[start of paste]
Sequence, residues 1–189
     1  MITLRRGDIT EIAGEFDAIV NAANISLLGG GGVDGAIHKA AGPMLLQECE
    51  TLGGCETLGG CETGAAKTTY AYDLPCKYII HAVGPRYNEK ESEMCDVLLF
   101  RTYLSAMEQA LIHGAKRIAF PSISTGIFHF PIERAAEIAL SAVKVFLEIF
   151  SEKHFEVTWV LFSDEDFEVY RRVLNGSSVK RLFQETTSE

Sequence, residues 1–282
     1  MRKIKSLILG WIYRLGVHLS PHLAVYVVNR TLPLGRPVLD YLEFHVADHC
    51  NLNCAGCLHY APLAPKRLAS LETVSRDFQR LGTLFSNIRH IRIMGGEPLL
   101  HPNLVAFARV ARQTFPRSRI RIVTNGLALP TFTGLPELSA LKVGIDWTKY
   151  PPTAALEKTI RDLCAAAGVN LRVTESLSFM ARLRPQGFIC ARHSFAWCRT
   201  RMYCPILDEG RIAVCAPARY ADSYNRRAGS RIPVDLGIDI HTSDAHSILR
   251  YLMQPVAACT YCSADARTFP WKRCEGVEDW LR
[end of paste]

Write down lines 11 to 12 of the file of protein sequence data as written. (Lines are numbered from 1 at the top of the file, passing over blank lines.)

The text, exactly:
   201  RMYCPILDEG RIAVCAPARY ADSYNRRAGS RIPVDLGIDI HTSDAHSILR
   251  YLMQPVAACT YCSADARTFP WKRCEGVEDW LR